From the preceding section we have found that even the text at our disposal was found and collated piecemeal, leaving us little hope of delineating which suras were the more authentic. Furthermore, Muslim tradition admits that many of the suras were not even given to Muhammad in one piece. According to tradition, some portions were added to other suras under the direction of Muhammad, with further additions to the former suras. Therefore, within a given sura there may be found ayas which were early, and others which were quite late. How then could we know which were the more authoritative?

    The law of abrogation is taught by the Qur'an in sura 2:106,108, stating: "We substitute one revelation for another..." This is echoed in sura 17:86, which reads, "If it were Our Will, We could take away that which We have sent thee by inspiration." In sura 16:101 the law of abrogation is clearly defined as one verse being substituted by a better verse. Verse 101 read, "None of our revelations do We abrogate or cause to be forgotten, but We substitute something better or similar- Knowest thou not that Allah hath power over all things?"

    Jalalu'd-Din estimated the number of abrogations at between 5 to 500. Others say it stands closer to 225. What this shows us is that the science of abrogation is an inexact science indeed, as no-one really knows how many of the verses are to be abrogated. Underlying this claim of abrogation is another concern: How can a divine revelation be improved upon? Would it not have been perfect from the start?

    Yusuf Ali in his defense of abrogation claims that there is a need for progressive revelation within scripture, saying: "its form may differ according to the needs and exigencies of the time". Christians believe in progressive revelation as well, as God reveals and changes His will for a people as they change culturally over a period of generations. The problem with suras 2:106, 17:86 and 16:101 is that they do not refer to revelations given prior to Muhammad, but refer uniquely to the Qur'anic verses themselves. One cannot claim progressive revelation within a space of only 20 years (this was the time in which the Qur'an was written). The period found in the previous scriptures spans 1,500 years! People and cultures change in that amount of time. Thus the revelations would reflect those changes. To demand the same for a revelation of a mere 20 years suggests that God is not all-knowing. The only other option can be that the recorder made corrections, and then came up with a revelation to authenticate those corrections. While you decide, let's look at some of these abrogations.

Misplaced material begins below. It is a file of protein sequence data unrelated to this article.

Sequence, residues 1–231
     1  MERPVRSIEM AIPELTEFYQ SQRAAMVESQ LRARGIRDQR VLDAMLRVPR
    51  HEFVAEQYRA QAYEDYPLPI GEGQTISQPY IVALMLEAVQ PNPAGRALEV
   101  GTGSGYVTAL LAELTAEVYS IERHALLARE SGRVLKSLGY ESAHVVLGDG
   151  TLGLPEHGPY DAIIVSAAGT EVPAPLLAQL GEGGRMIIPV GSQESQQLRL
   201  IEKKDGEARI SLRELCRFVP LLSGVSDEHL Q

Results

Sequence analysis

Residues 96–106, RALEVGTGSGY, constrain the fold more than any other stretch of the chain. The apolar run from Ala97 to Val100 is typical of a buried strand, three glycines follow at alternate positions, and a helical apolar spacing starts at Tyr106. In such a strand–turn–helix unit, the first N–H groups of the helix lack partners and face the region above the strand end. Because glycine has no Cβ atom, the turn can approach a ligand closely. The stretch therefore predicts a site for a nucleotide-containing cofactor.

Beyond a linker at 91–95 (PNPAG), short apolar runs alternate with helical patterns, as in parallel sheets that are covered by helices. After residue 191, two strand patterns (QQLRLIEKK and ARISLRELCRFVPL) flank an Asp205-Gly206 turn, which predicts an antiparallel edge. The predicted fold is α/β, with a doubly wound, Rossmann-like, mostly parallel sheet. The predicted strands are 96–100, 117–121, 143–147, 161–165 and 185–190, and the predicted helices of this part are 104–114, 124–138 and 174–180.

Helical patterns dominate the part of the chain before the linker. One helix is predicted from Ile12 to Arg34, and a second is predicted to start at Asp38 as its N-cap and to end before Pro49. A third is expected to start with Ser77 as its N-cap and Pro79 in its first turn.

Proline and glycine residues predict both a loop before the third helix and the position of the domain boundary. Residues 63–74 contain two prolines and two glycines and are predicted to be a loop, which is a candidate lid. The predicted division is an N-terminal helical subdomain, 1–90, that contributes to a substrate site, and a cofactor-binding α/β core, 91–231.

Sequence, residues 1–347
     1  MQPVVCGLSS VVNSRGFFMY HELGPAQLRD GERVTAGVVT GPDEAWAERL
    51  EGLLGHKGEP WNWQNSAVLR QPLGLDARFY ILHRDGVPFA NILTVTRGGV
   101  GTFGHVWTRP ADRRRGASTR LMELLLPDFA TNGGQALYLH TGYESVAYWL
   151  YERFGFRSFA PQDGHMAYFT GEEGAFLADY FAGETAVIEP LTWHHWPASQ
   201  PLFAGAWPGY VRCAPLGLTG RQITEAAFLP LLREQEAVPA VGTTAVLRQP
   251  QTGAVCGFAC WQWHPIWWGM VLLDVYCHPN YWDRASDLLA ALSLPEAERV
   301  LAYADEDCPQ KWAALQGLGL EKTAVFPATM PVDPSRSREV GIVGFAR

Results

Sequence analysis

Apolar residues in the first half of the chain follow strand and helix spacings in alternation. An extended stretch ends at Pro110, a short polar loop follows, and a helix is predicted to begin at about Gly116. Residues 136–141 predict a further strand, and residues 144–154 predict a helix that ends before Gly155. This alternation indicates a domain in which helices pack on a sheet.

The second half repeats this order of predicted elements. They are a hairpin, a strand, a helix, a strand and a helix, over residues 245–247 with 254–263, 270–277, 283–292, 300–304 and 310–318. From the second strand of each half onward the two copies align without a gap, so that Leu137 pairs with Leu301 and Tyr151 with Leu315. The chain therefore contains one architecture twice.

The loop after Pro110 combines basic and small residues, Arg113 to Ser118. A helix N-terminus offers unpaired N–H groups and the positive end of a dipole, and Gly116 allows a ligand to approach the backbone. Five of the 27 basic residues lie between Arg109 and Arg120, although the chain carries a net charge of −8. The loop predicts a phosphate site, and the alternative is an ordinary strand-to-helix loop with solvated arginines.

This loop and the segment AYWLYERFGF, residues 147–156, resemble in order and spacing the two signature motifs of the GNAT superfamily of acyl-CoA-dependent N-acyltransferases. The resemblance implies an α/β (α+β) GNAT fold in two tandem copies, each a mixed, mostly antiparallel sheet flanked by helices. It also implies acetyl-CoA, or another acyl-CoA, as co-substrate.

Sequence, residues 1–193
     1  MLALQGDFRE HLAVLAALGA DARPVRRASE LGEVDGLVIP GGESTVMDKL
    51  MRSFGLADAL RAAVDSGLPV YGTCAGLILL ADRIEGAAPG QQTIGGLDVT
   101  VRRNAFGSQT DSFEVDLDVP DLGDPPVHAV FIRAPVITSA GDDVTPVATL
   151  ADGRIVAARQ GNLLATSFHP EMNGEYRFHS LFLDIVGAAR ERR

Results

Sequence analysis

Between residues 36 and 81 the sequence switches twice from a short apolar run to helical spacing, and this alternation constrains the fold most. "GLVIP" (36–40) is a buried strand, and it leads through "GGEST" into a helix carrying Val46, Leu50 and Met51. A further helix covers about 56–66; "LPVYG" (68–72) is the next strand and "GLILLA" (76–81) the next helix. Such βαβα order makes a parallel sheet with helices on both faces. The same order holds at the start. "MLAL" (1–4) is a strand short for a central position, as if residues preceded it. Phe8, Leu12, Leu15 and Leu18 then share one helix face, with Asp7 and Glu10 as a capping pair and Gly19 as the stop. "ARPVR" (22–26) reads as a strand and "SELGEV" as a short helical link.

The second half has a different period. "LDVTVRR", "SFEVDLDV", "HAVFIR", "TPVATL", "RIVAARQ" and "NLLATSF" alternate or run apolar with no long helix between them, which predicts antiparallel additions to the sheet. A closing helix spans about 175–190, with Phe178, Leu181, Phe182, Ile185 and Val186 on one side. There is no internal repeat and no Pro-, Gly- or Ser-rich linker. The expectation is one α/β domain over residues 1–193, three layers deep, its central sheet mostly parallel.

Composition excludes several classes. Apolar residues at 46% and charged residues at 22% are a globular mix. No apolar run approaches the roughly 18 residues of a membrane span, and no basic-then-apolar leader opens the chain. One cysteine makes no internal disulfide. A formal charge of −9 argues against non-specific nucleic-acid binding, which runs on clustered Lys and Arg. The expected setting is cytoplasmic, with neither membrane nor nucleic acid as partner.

Some examples of these abrogations are:

      1. In sura 2:142-144, we find the change of the Qibla, the direction of prayer from Mecca to Jerusalem, and back to Mecca.

      2. The inheritance laws in suras 4:7; & 2:180, provides an equal share for women and men, and then is doubled for men in sura 4:11.

      3. The change of night prayers from a full night in sura 73:2-4, to a half or less, or whatever was easy to do in sura 73:20.

      4. The change of punishment for adulteresses, beginning with life imprisonment, found in sura 4:15, and then changed to 100 strokes by flogging, according to sura 24:2. Remember that these two examples make no mention of the previous 'missing' aya which prescribes the stoning for those who commit adultery. It is also interesting to note that Homosexuals were let off if they repented, according to sura 4:16, though this same allowance was not given for heterosexuals.

      5. The change of the retaliation laws where retaliation for the crime (murder) was confined to people of equal rank (i.e. slave for slave) in sura 2:178, then it was to be carried out only against the murderer by the heir, sura 17:33 (note: Ali adds Qisas and forgiving to the Arabic).

      6. The change of the days of creation from 6 (7:54; 25:59) to 8 (41:9- 12).

      7. The change of the hierarchy of prophets, where they were initially equal (suras 3:84;2:285;2:136) and then some are elevated above the others, sura 2;253 (see Ali's note:289).

      8. The changes in intercession; at first done by angels and Muhammad (suras 42:5; 24:62), and then were not acceptable to Allah (suras 74:48; 63:5; 34:23).

      9. The Sword verses: the Call to "fight and slay the pagan (idolaters) wherever you find them" (sura 9:5); or "strike off their heads in battle" (sura 47:5); or "make war on the unbeliever in Allah, until they pay tribute" (sura 9:29); or "Fight then... until the religion be all of it Allah's" (sura 8:39); or "a grievous penalty against those who reject faith" (sura 9:3). These all contradict "There is no compulsion in religion" (sura 2:256).

      10. Sura 2:184 first allows a rich man to buy himself out of the fast by feeding an indigent. The following verse (185) allows no compensation.

      11. Widows were to keep themselves apart for 4 months and 10 days after their husband's death (sura 2:234), which is then changed to one year (2:240).